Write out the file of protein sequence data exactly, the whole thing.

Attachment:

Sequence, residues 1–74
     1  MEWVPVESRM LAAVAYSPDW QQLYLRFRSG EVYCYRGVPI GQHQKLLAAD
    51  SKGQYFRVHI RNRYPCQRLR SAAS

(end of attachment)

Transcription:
Sequence, residues 1–74
     1  MEWVPVESRM LAAVAYSPDW QQLYLRFRSG EVYCYRGVPI GQHQKLLAAD
    51  SKGQYFRVHI RNRYPCQRLR SAAS